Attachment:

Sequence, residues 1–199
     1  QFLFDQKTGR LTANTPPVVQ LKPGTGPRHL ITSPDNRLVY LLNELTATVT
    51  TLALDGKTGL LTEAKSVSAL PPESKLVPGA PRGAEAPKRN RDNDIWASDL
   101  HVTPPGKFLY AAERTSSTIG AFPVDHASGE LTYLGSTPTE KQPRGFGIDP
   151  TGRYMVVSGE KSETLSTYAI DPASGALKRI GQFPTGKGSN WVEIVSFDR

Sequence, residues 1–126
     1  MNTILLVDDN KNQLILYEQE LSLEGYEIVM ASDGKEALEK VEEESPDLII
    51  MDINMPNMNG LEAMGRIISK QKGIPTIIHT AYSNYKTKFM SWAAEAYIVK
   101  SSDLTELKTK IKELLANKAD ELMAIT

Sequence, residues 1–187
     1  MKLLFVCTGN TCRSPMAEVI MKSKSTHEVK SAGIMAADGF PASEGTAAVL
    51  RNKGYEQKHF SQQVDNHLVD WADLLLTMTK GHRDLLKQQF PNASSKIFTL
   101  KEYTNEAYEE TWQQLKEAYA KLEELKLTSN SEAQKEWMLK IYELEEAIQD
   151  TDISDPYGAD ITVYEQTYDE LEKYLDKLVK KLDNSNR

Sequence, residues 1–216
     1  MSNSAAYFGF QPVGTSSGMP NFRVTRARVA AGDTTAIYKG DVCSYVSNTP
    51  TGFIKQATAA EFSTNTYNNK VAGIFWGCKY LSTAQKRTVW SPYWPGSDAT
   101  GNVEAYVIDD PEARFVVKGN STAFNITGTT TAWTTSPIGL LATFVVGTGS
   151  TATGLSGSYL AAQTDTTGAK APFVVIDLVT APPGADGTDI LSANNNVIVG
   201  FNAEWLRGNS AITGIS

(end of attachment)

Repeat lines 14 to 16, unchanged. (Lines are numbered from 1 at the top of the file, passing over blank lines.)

   151  TDISDPYGAD ITVYEQTYDE LEKYLDKLVK KLDNSNR

Sequence, residues 1–216
     1  MSNSAAYFGF QPVGTSSGMP NFRVTRARVA AGDTTAIYKG DVCSYVSNTP